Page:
Young adults are often thought of as being angry, rebellious and rude. This is often how Tracy is portrayed. As well as this, Tracy beaker is often shown trying to be brave, even though she has gone through a lot of hard times in her life. This is stereotypical of those forced to grow up in a childrens home, as they have often gone through traumatic events, and have had to learn how to fend for themselves. Here is a video showing some of the most common quote used by Tracy and those close to her in the show. These quotes show how we would quickly stereotype Tracy as being an obnoxious, rebellious young adult.

Evans, T (2013) ‘The Story of Tracy Beaker – Best Quotes’



An example of a Countertype in a TV show:

104camvisit.jpgFandom (no date) ‘Tracy Beaker’

I decided to stay with the show ‘The Story of Tracy Beaker’ to help to emphasise the point that stereotypes and countertypes are often present in Tv shows. The countertop I have decided to choose is the character ‘Jackie.’ Jackie is a writer, and when Tracy gets told this she automatically imagines the stereotype of a writer. She imagines Cam as being a rich person covered in jewellery. She imagines her being extremely organised and prepared for anything. In reality, Cam is none of these things, infact she is a countertype of a writer. She is unorganised and messy and wears jumble sale clothing.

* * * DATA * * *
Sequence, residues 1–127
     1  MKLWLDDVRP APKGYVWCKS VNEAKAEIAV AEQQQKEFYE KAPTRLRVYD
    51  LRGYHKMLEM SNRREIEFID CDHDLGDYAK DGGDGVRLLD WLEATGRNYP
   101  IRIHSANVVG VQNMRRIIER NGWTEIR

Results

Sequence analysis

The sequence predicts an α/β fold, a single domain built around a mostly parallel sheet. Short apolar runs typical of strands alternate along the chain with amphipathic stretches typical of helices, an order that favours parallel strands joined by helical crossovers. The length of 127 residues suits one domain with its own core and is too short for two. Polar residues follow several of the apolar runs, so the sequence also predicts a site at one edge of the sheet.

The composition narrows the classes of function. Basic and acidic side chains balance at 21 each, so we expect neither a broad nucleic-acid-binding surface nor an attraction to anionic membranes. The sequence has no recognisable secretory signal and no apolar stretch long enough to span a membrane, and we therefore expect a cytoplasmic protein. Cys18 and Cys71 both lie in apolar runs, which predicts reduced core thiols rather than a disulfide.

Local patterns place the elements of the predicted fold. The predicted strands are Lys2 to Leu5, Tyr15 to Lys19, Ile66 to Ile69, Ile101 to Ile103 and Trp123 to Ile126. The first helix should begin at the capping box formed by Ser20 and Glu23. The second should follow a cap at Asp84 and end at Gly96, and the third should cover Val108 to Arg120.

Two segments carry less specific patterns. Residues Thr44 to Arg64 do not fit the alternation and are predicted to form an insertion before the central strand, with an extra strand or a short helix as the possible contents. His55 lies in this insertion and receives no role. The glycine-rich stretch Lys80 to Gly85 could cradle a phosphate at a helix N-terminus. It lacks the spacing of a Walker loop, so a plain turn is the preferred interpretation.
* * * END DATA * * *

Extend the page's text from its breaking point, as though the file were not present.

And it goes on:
Overall I think it is apparent that the media is constantly using stereotypes and countertops to help the audience to automatically decode and in a way relate to a character. I found this particular task extremely eyeopening, as I now understand that stereotypes and countertops are also often used in children shows such as ‘The Story of Tracy Beaker’.


Harvard Referencing:

Cambridge (no date) ‘Stereotype’ Available at: (Last accessed: 15th November 2016)


newonnetflixuk (no date ) ‘The Story of Tracy Beaker’ Available at: (Last Accessed: 1st December 2016)


Evans, T (2013) ‘The Story of Tracy Beaker – Best Quotes’ available at: (Last Accessed: 1st December 2016)


Fandom (no date) ‘Tracy Beaker’ Available at: (Last Accessed: 1st December 2016)